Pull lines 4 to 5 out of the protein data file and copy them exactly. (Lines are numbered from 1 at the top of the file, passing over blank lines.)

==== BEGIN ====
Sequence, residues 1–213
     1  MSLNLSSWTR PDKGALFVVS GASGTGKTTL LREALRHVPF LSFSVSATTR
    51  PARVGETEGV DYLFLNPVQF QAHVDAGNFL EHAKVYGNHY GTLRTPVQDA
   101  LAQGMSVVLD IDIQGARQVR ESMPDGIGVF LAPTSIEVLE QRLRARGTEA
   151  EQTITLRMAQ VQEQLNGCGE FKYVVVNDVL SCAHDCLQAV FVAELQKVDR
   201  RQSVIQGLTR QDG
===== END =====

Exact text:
   101  LAQGMSVVLD IDIQGARQVR ESMPDGIGVF LAPTSIEVLE QRLRARGTEA
   151  EQTITLRMAQ VQEQLNGCGE FKYVVVNDVL SCAHDCLQAV FVAELQKVDR